A-2, A-3 vs 2

"A deuce is a dealer's ace." It's not. But I promise you that you'll hear this if you play blackjack long enough. Remember what I said about what people say in casinos.

Let's go with the preceding example and focus on A-2 vs. 2. Hit P.E. is 4.66% vs Double N.E. 8%. A 12% swing on return is more than significant. This comes from expecting the dealer to break far more frequently than he or she is likely to do so. Standing on any hand less than 17 against a 2 has a N.E. of 29%. In other words, if you have less than 17, expect to lose 29% of your money against a dealer 2. Even if you have 17, you still can expect to lose 15%. You will not have a positive expectation against a 2 until you have 18, 12%.

Note that it doesn't follow that it would make sense to hit a hard 13 or higher against a 2, because the N.E. would rise from 29% to 30% (Hard 13) to 47% (hard 16). Blackjack isn't always about winning more; you often have to play to lose less. (See examples from of 12v2 or 8's in Part 1.)

vs A

Just to offer a bit of perspective of how powerful a dealer Ace really is, standing with less than 17 represents a 66% loss, but beginning players often do it because they inaccurately assess the probability of the dealer breaking. Consider that even getting 18 vs A represents a 10% loss, hence the reason for hitting A-7 vs A. You don't approach a P.E. until you get to 19, 27%.

Here's a not so fun fact that might appear to contradict what I said earlier. The dealer is most likely to draw 21 having a 2 showing. This does not count times the dealer has blackjack, so the statement, while true, can be misleading. Further, it does not follow, that a 2 is worse than an A (the upcard A breaks less frequently as already established). More cards taken only mean more combinations that can equal 21 when all is said and done.


RULE: Double A-7 against 3-6 and hit against 9, 10, A.

We just saw the true value of 18 against an Ace. Against a 9 or 10 the N.E. values are about 18%. This is why you are hitting. I have seen players double A-7 against a 2. Remember that anything less that 18 is a loser against a 2. Building on what we know already, we know that less than 18 is a loss. You can only improve your hand to a P.E. by drawing A-3 (3/13) and you are betting twice as much money!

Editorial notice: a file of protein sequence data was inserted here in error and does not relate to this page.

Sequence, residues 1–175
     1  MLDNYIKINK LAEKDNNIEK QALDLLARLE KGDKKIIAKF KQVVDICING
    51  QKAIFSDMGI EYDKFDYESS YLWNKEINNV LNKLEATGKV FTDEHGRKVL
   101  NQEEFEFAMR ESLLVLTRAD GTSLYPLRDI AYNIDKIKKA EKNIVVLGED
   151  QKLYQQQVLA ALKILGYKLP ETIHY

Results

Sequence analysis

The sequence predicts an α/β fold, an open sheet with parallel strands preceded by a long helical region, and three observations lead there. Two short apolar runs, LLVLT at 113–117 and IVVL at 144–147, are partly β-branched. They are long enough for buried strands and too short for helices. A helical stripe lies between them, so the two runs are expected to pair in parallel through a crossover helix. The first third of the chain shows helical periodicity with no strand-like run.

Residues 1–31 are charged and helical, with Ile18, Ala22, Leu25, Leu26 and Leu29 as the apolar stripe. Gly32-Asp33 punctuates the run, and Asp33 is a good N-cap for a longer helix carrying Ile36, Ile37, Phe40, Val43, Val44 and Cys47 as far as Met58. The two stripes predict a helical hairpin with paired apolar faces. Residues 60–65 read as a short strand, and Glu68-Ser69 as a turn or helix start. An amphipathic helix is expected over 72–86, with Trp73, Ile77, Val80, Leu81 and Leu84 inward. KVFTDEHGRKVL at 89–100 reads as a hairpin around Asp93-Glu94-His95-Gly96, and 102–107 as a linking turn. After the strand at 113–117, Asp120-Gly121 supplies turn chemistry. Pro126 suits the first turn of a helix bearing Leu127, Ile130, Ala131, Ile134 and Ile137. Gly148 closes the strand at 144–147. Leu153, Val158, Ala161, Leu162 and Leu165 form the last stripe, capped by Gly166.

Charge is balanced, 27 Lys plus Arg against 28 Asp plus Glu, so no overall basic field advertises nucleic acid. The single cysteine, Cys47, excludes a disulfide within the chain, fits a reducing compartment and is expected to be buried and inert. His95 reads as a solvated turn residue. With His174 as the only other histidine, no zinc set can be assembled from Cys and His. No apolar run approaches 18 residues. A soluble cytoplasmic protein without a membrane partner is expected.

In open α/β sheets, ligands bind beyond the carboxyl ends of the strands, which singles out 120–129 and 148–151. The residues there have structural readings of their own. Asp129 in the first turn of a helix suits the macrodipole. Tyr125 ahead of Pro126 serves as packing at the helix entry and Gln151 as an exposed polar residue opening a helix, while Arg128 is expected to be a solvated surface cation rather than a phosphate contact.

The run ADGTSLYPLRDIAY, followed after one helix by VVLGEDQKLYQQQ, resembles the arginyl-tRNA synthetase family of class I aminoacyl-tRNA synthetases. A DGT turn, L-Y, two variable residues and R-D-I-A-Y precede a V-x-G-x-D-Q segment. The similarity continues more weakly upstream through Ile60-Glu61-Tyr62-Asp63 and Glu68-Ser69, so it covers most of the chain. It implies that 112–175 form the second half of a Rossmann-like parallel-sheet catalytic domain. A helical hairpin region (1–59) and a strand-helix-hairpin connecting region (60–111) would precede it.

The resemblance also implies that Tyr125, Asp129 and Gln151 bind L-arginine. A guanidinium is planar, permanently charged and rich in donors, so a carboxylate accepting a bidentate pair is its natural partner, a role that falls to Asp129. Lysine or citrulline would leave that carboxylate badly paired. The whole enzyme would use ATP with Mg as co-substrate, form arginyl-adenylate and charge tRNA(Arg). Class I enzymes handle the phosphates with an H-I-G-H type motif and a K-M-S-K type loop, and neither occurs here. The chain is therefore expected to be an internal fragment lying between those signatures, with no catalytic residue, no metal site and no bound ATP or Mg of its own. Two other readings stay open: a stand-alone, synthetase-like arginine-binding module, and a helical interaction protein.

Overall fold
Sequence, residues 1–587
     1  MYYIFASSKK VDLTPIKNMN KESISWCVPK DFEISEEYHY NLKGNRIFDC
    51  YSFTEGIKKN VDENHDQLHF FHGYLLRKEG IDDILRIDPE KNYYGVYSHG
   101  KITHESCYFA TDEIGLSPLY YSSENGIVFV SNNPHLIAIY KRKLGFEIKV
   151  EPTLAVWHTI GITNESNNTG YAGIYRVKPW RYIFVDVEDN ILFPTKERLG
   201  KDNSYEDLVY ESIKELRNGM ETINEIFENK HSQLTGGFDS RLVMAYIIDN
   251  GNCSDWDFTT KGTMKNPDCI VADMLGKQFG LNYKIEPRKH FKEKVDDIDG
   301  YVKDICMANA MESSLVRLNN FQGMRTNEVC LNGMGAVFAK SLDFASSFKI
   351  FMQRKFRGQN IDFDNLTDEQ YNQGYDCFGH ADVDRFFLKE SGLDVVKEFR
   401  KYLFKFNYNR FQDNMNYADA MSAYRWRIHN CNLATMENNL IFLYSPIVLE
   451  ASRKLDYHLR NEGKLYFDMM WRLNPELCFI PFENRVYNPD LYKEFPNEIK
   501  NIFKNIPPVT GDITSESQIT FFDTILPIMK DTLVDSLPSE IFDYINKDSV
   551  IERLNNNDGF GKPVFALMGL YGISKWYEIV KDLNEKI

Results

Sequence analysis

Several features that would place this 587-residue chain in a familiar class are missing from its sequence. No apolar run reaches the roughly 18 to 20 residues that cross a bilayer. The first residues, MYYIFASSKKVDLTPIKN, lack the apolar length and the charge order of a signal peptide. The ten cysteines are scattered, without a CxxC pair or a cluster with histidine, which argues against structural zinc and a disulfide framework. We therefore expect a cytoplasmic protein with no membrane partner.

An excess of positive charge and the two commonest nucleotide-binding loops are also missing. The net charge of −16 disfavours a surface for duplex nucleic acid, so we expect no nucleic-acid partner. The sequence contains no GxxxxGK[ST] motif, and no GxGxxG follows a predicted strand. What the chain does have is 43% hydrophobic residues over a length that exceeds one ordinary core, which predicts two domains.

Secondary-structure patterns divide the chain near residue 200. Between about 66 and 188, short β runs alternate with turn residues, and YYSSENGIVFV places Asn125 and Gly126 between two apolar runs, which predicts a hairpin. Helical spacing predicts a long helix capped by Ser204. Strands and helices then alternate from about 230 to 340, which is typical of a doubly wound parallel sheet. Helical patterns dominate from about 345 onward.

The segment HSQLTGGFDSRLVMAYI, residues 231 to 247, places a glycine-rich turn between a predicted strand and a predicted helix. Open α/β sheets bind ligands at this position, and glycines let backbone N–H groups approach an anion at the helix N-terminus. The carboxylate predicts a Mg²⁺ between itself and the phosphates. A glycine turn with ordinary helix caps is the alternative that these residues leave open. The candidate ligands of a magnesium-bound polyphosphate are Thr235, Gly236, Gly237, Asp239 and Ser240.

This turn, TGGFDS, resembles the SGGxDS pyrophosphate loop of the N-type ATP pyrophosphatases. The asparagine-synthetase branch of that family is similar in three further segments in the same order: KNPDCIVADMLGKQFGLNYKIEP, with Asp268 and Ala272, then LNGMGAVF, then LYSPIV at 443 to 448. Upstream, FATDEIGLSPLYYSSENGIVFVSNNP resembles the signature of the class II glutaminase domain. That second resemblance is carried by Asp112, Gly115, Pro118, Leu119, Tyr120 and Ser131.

RULE: Always stand on A-8

Players undervalue their soft 19 just as they overvalue a hard 18 (in the case of 9-9). Players get confused as they try to rationalize the preceding rule with the following rules.

RULE: Double hard 9 vs 3-6 and hit against everything else.

RULE: SPLIT 9's against everything except 7, 10, or A.

So why not double a soft 19? If splitting 9's against a 6 is good and doubling 9 against a 6 is good, why not double soft 9? You get two chances, no? P.E. Stand 49% vs Double almost 48%. Granted, this is close. It's actually so close that if the dealer were to hit a soft 17, the move would be to double. And it would only take a minor blip in the true count to make it a profitable play.

The whole point of using strategy in blackjack is to bring the advantage down as low as you can. Face it, you're only face a 0.43% disadvantage with Atlantic City rules (it should be noted AC rules are not standard for every table in Atlantic City post deregulation). Casinos take that less than half of a percent advantage over you and grind it out, hoping that you will play in a fashion that will increase their expectation significantly above 0.43%. And I'll be very blunt. Casinos are not profitable because every blackjack plays perfect basic strategy-they are so profitable because of side bets and derivations without advanced strategy.

My advice is to practice the basic strategy rules, learn to tune people out when you play, and play skillfully to enjoy an extremely low house-advantage game.